Participants were pretrained and tested on mutually entailed trigonometric relations and combinatorially entailed relations as they pertained to positive and negative forms of sine, cosine, secant, and cosecant. Experiment 1 focused on training and testing transformations of these mathematical functions in terms of amplitude and frequency followed…

  14. Monthly Monetary Planning for China via Applying Method of Constructing Objective Function

    Institute of Scientific and Technical Information of China (English)

    ZENG Jian-hua; YANG Xiao-guang; XU Shan-ying

    2001-01-01

    Many economic problems can be formulated as optimization problems. Econometricians have long devoted their efforts to construct the econometric equation systems, while the corresponding objective functions receive few attentions. In recent twenty years, some techniques to construct the objective functions with economic implications have been developed, which might have a potential in economic decision-making.In the paper we apply the method of constructing objective function to design an optimization model for monthly monetary planning of China. The real monthly data from 1991 to 1999 are used to evaluate the monthly economic situation. Our empirical experiment shows that the model gives a good short-term forecasting.

  15. Gastrointestinal function and metabolic control after construction of an orthotopic ileal neobladder in bladder cancer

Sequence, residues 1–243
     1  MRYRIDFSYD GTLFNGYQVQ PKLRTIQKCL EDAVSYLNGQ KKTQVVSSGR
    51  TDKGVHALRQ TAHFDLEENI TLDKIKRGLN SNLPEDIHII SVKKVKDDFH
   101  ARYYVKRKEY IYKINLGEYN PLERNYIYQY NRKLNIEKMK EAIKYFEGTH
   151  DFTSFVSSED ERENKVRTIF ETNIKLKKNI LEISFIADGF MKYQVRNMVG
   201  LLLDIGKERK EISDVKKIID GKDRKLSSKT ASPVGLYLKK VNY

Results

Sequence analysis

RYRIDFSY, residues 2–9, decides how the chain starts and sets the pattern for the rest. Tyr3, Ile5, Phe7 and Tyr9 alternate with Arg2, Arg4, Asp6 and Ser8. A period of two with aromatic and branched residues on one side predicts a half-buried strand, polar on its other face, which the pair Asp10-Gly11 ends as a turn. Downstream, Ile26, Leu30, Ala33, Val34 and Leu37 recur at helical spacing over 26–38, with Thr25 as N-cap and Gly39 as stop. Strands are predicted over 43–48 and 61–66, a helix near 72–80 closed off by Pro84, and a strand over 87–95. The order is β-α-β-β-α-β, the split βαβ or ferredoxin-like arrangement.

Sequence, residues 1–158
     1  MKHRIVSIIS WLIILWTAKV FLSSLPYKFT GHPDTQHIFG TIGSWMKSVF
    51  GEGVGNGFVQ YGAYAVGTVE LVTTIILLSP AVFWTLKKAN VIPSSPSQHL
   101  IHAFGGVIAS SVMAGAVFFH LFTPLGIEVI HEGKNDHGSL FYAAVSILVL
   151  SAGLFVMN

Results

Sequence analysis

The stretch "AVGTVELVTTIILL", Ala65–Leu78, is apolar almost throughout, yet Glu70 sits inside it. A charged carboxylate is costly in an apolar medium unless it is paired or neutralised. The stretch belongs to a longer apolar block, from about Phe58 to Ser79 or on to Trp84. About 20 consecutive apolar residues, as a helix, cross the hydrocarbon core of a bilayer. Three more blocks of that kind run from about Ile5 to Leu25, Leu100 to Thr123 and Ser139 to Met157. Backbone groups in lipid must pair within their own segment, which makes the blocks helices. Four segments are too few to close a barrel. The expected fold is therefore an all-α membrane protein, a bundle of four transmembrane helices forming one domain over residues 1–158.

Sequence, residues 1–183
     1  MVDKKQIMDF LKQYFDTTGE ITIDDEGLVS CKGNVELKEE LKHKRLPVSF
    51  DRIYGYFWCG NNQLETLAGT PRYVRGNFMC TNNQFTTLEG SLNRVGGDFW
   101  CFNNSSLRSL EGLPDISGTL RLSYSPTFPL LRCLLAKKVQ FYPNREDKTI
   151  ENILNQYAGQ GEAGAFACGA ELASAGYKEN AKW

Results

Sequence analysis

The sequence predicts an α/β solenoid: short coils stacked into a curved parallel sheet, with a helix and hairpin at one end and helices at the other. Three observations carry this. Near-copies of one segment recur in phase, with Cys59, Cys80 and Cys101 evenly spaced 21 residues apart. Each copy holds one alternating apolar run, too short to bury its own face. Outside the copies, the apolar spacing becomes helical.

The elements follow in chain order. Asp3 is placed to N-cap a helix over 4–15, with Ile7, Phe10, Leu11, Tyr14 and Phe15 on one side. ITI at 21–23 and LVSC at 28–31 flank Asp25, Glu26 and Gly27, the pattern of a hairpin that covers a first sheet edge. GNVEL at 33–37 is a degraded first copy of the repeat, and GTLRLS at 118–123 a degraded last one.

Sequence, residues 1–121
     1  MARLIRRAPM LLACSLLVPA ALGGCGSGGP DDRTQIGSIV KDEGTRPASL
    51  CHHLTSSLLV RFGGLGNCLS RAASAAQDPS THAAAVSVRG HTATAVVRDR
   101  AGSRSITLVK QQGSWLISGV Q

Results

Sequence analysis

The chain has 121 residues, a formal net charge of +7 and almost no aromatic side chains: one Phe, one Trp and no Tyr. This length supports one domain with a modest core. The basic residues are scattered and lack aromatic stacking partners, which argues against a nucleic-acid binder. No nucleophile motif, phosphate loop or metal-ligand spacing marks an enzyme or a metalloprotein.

DEFF Research Database (Denmark)

    Thorstenson, Andreas; Jacobsson, Hans; Onelöv, Erik

    2007-01-01

    OBJECTIVE: To investigate the effects of ileum resection in orthotopic neobladder construction on gastrointestinal function and metabolic control. MATERIAL AND METHODS: We included 28 patients who underwent radical cystectomy and construction of an orthotopic neobladder or continent ileal reservoir...... were unchanged. CONCLUSIONS: Using the distal ileum for orthotopic neobladder construction causes bowel disorders in a quarter of cystectomy patients. Diarrhoea and faecal urgency are probably caused by decreased reabsorption of bile and are not due to changes in gastrointestinal hormones. A sizeable...

  16. The social construction of literacy in a high school biology class

    Science.gov (United States)

    Thomas, Heather K.

    2000-10-01